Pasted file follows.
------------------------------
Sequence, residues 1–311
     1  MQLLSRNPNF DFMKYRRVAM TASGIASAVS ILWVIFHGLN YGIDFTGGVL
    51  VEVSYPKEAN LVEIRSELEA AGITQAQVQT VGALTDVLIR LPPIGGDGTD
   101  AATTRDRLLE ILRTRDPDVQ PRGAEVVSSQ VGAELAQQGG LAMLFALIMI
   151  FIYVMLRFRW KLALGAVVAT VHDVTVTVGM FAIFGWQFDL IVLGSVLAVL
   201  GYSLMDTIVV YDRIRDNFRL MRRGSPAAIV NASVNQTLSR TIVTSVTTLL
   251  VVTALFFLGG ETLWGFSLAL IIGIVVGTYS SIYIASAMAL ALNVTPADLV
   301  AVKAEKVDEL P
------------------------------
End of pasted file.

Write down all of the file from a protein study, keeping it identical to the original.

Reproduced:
Sequence, residues 1–311
     1  MQLLSRNPNF DFMKYRRVAM TASGIASAVS ILWVIFHGLN YGIDFTGGVL
    51  VEVSYPKEAN LVEIRSELEA AGITQAQVQT VGALTDVLIR LPPIGGDGTD
   101  AATTRDRLLE ILRTRDPDVQ PRGAEVVSSQ VGAELAQQGG LAMLFALIMI
   151  FIYVMLRFRW KLALGAVVAT VHDVTVTVGM FAIFGWQFDL IVLGSVLAVL
   201  GYSLMDTIVV YDRIRDNFRL MRRGSPAAIV NASVNQTLSR TIVTSVTTLL
   251  VVTALFFLGG ETLWGFSLAL IIGIVVGTYS SIYIASAMAL ALNVTPADLV
   301  AVKAEKVDEL P